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The Drakesmith group investigated an unusual aspect of iron regulation against infection, and stumbled upon a new antiviral pathway

Zika virus illustration credit rcsb protein data bank.jpg © Credit RCSB Protein Data Bank (CC BY 4.0)

The amount of iron in our bodies is controlled by the hormone hepcidin, which is secreted by the liver and regulates how much dietary iron is absorbed after a meal.

But hepcidin also has a role in immunity. In response to infection by almost all bacteria and viruses, our bodies produce more hepcidin, which decreases iron levels. This decrease in iron protects against some types of serious infection, since fast-growing pathogens rely on iron for their proliferation.

 

One notable exception

However, Hepatitis C virus (HCV) infection has the opposite effect: when HCV establishes an infection in the liver, it decreases hepcidin levels, leading to iron accumulation..

In a new study published in Nature Microbiology, Professor Drakesmith and his colleagues investigate this intriguing exception, by studying the how HCV infection alters the signalling pathways that control synthesis of hepcidin.

The team found that HCV inhibits the activity of the Bone Morphogenetic Pathway (BMP) signalling in the liver.

BMP signalling is important for embryonic development and in a variety of adult processes, but in the liver, BMP signalling is critical for the correct control of hepcidin synthesis. This is the first study to show that HCV interferes with BMP signalling, and that this is what leads to a reduction in the production of the regulator hepcidin and, ultimately, an increase in liver iron accumulation.

 

More than just iron

But why does the HCV have an effect on BMP signalling: is it because of BMP signalling’s role in regulating hepcidin levels? Or, does the BMP pathway fight infection in other ways too?

Working in human cell lines the team explored this further, and unexpectedly found that BMP signalling also controls the production of a variety of genes that are involved in fighting virus infections, including the well-studied Type I interferon system. The team showed that switching on the BMP signalling pathway could boost interferon activity, resulting in a better response to virus infection. Indeed, the team showed that even if interferon activity is switched off, as long as BMP signalling is activated, infected cells could effectively inhibit the replication of HCV.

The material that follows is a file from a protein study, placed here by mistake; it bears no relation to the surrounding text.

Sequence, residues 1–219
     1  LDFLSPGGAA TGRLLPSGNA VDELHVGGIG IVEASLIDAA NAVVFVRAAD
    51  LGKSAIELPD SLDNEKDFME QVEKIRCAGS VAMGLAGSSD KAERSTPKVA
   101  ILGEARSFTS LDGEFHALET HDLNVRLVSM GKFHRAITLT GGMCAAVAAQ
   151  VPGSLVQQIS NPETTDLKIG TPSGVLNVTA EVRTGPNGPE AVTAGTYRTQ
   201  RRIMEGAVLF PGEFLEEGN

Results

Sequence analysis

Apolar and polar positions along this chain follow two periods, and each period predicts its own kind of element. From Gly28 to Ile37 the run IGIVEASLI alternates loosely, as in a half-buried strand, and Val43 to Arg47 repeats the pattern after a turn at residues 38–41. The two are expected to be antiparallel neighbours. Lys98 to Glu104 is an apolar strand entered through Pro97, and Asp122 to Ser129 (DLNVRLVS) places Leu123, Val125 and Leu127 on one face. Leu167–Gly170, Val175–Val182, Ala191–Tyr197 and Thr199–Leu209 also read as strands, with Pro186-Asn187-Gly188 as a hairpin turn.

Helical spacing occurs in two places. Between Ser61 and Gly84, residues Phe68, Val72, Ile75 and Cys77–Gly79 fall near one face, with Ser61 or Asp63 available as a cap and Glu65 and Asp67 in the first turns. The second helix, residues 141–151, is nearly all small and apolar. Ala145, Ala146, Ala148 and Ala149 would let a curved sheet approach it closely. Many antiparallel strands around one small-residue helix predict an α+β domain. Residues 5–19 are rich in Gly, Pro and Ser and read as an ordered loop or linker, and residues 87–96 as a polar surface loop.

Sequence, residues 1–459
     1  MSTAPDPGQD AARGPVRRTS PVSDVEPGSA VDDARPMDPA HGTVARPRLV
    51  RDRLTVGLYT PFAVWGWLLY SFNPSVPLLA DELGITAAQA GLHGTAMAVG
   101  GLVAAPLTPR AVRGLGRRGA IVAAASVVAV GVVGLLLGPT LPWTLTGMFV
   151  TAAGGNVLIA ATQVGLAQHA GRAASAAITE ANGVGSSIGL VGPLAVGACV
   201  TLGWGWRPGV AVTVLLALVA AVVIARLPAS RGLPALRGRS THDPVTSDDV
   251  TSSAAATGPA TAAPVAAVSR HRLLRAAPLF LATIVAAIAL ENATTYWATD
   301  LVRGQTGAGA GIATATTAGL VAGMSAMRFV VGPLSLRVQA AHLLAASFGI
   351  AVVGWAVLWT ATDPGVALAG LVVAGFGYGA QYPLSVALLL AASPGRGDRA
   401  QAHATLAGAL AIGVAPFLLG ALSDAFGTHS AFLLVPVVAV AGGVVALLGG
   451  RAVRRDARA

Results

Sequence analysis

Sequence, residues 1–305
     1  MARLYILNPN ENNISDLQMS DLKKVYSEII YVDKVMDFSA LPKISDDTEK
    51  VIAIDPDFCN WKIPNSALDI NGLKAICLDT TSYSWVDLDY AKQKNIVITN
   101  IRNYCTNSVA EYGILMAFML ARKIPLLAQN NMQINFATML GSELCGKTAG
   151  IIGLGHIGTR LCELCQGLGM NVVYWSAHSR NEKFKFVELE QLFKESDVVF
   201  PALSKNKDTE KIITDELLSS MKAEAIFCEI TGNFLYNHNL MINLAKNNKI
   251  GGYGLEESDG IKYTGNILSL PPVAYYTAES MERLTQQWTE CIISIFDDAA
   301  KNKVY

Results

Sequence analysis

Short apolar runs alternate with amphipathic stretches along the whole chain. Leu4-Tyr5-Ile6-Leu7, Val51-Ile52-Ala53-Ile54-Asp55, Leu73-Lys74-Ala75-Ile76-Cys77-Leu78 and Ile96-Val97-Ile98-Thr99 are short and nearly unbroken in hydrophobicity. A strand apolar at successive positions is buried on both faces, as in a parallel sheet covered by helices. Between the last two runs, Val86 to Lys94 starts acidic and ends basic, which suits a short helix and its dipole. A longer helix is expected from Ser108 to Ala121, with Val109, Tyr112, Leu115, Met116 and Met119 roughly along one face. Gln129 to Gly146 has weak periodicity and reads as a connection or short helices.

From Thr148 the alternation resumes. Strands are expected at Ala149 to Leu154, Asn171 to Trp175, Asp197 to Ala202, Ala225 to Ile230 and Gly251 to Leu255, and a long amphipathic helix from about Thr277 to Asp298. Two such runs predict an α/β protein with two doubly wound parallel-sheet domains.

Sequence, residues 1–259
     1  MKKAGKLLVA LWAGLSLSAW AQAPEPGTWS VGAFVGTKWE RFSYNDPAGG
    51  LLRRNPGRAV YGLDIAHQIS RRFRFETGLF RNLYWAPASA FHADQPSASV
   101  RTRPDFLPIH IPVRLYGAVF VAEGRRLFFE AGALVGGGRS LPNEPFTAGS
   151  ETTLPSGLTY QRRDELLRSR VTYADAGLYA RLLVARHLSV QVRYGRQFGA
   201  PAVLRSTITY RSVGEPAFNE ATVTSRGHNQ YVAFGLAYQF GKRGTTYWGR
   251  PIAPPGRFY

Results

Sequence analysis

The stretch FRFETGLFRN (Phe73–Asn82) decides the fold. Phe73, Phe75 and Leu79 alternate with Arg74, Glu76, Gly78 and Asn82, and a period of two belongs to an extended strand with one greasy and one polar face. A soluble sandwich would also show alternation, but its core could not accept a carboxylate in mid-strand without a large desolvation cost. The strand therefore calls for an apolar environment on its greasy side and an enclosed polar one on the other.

We started this study many years ago to understand the anomalous decrease of hepcidin in HCV infection. The experiments took us down an unexpected route and we ended up working on innate antiviral immunity – this was hard, we needed a lot of help and it took a long time! But finally we discovered something new, which we hope will be of some interest and will stimulate future work. - Prof Drakesmith

The antiviral effect of BMP signalling was evident in the clinic too: an analysis of gene expression in liver biopsies of 26 patients, and genomic studies across a much larger population, both showed that BMP signalling predicted how patients would response to a regimen of antiviral treatment that included interferon.

 

Effective against Hepatitis B and Zika

What’s more, the team found that the antiviral effects of this pathway are not restricted to just HCV infection: in cell lines, BMPs inhibited the replication of Hepatitis B virus and Zika virus, suggesting that the BMP pathway may have broad antiviral activity.

 

 

 

Hal Drakesmith is an Associate Professor of Immunology in the Radcliffe Department of Medicine. His research group is based at the MRC Human Immunology Unit.